"We had a woman on third base, so the Toronto players are saying, 'Look there's a girl at third base, let's hit there.' So the first batter hit it to third base, she bent down, scooped up the ball, threw it to first base, he was out. So the second batter hit to third base, she bent down, picked up the ball, and out at one. The third guy looked down there, and he decided he was gonna hit someplace else. Well by the middle of the game, this gal came to me and she said, 'Shirley, they're not hitting to me any more.' One of the best third basemen around.... They thought she was gonna be easy. She cried through the whole game, she never saw a ball again after that."
Fitzpatrick created, and relied on, LGBT community in Milwaukee by playing softball. Fitzpatrick doesn't think of herself as a political person. She was never particularly out at work. She calls herself a "gay woman" rather than a "lesbian" because she thinks the word "gay" captures it all - and any term we use, according to Fitzpatrick, should include everyone.
Indeed, the thing that Fitzpatrick likes most about softball and bowling is that, in Milwaukee at least, sports were ways that women and men could get to know each other and get along better. She can't see how we're going to get anyone else to accept us if we can't even get along with each other. Even today, the biggest problem LGBT people face in Fitzpatrick's view is women's and men's failure to get to know each other and work together.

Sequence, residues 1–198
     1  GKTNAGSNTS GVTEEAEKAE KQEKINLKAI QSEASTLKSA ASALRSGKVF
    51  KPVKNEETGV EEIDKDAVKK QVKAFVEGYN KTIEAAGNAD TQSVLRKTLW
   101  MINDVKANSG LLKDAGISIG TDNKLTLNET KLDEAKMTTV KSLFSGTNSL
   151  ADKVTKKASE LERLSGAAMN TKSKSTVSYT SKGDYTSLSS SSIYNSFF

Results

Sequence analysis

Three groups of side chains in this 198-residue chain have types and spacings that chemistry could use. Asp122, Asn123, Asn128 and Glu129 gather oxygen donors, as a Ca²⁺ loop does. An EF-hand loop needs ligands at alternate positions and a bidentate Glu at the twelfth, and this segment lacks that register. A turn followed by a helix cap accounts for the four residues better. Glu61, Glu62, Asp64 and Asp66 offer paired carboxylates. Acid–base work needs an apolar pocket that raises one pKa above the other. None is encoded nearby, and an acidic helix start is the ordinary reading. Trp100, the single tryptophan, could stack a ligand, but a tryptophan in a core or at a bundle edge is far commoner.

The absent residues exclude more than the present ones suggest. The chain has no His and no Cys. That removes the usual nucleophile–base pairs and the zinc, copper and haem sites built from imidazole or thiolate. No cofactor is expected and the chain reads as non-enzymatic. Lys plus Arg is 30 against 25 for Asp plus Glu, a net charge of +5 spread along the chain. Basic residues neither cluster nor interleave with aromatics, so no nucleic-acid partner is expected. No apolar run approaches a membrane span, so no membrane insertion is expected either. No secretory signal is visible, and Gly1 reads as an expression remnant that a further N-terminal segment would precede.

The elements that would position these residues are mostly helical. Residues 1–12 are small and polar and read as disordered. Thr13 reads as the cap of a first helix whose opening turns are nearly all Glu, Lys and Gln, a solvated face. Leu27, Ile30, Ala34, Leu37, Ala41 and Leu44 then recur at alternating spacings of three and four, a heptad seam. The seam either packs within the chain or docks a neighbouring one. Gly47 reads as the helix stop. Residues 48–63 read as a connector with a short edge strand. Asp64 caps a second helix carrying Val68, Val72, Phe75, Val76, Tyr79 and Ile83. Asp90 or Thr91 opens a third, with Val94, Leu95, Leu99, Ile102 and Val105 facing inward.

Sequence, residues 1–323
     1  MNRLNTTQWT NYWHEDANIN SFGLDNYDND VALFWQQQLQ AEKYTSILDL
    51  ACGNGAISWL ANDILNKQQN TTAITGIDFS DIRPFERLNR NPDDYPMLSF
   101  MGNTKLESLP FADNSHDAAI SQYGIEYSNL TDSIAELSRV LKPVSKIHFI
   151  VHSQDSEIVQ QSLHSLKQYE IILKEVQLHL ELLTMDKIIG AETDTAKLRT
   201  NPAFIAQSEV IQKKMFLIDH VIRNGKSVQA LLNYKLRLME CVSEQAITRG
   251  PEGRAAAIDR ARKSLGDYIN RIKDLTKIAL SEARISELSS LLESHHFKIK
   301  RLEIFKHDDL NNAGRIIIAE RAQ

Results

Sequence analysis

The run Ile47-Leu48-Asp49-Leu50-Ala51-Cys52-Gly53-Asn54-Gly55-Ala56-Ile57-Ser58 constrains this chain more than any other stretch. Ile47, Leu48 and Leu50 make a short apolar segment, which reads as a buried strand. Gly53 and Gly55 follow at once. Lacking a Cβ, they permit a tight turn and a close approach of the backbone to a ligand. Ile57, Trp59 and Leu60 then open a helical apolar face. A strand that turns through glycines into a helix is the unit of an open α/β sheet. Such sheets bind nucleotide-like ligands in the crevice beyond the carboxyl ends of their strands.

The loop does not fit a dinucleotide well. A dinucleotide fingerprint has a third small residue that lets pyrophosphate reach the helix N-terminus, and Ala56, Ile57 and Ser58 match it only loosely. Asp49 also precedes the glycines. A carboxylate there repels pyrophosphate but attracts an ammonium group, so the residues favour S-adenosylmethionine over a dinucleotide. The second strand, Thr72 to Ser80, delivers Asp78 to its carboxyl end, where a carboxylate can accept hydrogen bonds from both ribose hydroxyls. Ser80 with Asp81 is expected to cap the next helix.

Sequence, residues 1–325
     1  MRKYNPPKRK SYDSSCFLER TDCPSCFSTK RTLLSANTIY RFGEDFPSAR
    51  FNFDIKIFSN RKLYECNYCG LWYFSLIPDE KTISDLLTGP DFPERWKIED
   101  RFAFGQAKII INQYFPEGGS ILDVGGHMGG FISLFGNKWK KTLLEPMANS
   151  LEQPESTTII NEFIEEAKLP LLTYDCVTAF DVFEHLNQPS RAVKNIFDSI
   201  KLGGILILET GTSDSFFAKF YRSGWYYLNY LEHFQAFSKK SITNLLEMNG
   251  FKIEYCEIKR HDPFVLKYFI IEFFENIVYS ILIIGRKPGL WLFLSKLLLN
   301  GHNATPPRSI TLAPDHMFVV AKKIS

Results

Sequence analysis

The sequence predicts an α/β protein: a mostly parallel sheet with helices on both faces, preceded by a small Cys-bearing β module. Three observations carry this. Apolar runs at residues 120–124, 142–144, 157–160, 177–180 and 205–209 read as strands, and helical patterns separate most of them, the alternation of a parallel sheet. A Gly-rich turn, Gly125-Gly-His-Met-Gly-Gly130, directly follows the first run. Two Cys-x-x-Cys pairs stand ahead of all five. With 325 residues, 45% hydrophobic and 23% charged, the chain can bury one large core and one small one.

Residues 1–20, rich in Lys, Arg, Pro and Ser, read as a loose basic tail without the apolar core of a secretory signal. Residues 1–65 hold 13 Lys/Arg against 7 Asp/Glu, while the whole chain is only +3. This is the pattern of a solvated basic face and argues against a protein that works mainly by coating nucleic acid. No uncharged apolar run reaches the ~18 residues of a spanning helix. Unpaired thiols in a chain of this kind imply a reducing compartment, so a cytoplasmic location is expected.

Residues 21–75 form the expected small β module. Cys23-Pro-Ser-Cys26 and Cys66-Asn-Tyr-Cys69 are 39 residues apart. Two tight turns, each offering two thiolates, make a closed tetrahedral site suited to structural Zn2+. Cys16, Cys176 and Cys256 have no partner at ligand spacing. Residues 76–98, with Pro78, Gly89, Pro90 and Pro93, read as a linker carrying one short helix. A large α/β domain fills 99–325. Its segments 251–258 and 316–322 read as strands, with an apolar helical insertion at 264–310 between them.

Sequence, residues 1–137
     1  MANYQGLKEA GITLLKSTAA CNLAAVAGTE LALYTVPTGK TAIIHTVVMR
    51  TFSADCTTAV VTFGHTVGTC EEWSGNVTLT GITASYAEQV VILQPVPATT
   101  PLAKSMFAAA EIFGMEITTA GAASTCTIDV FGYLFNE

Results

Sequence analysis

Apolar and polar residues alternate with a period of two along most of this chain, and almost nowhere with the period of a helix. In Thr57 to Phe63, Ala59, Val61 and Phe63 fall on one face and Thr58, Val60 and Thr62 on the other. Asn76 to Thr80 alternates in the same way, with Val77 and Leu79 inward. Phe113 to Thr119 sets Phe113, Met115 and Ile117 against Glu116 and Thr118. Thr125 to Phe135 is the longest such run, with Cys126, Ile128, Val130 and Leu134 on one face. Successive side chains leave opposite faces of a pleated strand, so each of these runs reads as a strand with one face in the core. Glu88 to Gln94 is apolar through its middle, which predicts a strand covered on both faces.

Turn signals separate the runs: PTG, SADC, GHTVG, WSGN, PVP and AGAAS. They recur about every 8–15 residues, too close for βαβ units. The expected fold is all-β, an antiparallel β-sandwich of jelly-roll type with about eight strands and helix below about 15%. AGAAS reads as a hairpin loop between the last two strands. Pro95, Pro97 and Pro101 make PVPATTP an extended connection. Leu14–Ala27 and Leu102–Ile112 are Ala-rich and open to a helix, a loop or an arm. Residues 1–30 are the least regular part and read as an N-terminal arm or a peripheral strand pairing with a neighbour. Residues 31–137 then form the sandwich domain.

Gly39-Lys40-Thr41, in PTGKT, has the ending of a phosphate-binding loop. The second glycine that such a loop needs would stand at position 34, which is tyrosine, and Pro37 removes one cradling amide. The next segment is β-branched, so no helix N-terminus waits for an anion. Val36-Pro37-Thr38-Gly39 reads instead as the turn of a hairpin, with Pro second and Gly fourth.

Fitzpatrick remembers getting softball started in Milwaukee when she used to hang out at the Finale on Center Street in the early 1970s. She told some of the guys there that women could beat them at softball. The guys just laughed, so Fitzpatrick went to the Beer Garden, rounded up some women, and challenged the guys to a game.
Soon after that, a league formed. It was well organized, with published schedules, from early on. Fitzpatrick played first base and pitched in her early days, but mostly coached and managed for over thirty years.
Softball may not seem very political, but people whose citizenship is seriously in doubt, people who live in constant fear of police harassment or other violence, will not create a softball league. On one hand, the very aspects of civil society that make LGBT softball leagues possible also make organizations and events such as the Community Center and PrideFest itself possible. On the other hand, what good is a social movement to people like Shirley Fitzpatrick if it doesn't help create the freedom necessary for them to do what they want to do - get and keep a job they're qualified for, get married, have children.
Or play softball.